Novel device boosts safety of dental procedures against COVID-19
A new, low-cost protective device can minimize aerosol dispersion in the dental setting and, when used in conjunction with standard personal protective equipment (PPE), may help limit the spread of SARS-CoV-2, the virus that causes the novel coronavirus disease (COVID-19), in clinics, a study has shown.
“[C]onsidering the remarkably high risks of infection by SARS-CoV-2 during dental practice, the use of this device may contribute to preventing the spread of the virus and help to control the pandemic situation,” the researchers said.
The study involved a dentist performing a simulated operation on a human mannequin positioned on a dental chair. The experiment was performed twice, once with the device, and once without. In both cases, a fluorescent dye was added to the water system of the dental chair and was used for the assessment of aerosol dispersion.
In simulations without the device, dye was observed all over the mannequin and on the dental chair. The dentist also saw high levels of exposure. Droplets were seen on the surgical gloves and on the chest, legs, and fist areas of the apron, as well as on the face shield. [Int Endod J 2020;doi:10.1111/iej.13373]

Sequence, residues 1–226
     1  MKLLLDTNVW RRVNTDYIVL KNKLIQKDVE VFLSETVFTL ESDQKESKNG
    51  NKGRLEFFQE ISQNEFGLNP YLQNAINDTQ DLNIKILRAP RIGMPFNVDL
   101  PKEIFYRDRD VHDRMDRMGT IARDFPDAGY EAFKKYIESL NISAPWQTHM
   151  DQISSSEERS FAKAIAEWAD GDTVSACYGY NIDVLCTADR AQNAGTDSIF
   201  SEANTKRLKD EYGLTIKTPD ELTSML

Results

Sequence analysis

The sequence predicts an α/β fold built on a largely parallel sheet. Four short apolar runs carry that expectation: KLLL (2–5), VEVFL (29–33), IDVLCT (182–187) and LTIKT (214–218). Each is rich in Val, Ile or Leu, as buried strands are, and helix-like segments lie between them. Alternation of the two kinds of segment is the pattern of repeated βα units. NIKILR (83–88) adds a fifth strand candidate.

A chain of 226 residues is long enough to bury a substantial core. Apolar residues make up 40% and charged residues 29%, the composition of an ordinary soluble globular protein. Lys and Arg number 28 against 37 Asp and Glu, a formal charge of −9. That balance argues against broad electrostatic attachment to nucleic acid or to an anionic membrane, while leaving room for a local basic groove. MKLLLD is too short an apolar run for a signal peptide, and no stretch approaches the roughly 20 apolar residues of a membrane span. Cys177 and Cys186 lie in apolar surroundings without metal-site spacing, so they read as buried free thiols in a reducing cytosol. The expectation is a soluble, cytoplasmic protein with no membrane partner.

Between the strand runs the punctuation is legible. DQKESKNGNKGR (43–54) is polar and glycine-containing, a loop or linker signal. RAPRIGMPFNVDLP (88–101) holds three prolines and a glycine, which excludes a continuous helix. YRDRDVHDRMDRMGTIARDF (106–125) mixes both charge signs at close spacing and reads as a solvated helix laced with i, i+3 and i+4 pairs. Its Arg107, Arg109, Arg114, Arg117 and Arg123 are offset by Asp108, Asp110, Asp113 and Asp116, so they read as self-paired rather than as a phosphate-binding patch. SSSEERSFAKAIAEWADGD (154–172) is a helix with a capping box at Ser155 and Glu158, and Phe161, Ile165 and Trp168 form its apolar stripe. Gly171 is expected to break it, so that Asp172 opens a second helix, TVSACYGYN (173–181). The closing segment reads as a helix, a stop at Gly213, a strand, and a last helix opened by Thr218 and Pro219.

Notably, the dye was able to reach the dentist’s clothes under the apron, indicating a strong possibility of contamination. No such traces were reported for the operator’s cap and mask.
“In addition, without the device, the dye was observed in distant areas of the dental surgery, such as the light reflector and floor,” the researchers said. “These findings reinforce that standard protective measures in daily clinical work may not be effective enough to prevent the spread of SARS-CoV-2.”
In comparison, the simulation of the dental procedure using the device showed a marked decrease in aerosol dispersion. For instance, the dye was observed only on the surgical gloves and on the first area of the operator’s apron. There were also traces in the pipe system and the acrylic walls of the device.
While the device improved safety, it could also impede the operator’s movements and visualization, as reported by the performing dentist.
The device employed in the current study consists of a rigid, translucent acrylic body that acts as a physical barrier between the patient and the operator and is designed to fit in the dental chair. The body of the device should cover the patient’s head, neck, and chest. Three holes at covered with flexible, polyvinyl chloride (PVC) films allow the operator’s hands entry into the patient’s space.
The device also comes with a piping system that creates a negative pressure inside the system. Air suctioned from inside the acrylic body passes through an external box with an antiseptic solution before it is returned to the external environment.
“The present device represents a low-cost complementary resource to be used in conjunction with standard PPE to contribute to the prevention of transmission of SARS-CoV-2 in the dental settings,” the researchers said.
“Further clinical trials should be carried out to test the efficacy of this device to reduce aerosol dispersion and the consequent vector of contamination, as well as the ergonomic impacts related to the use of the device,” they added.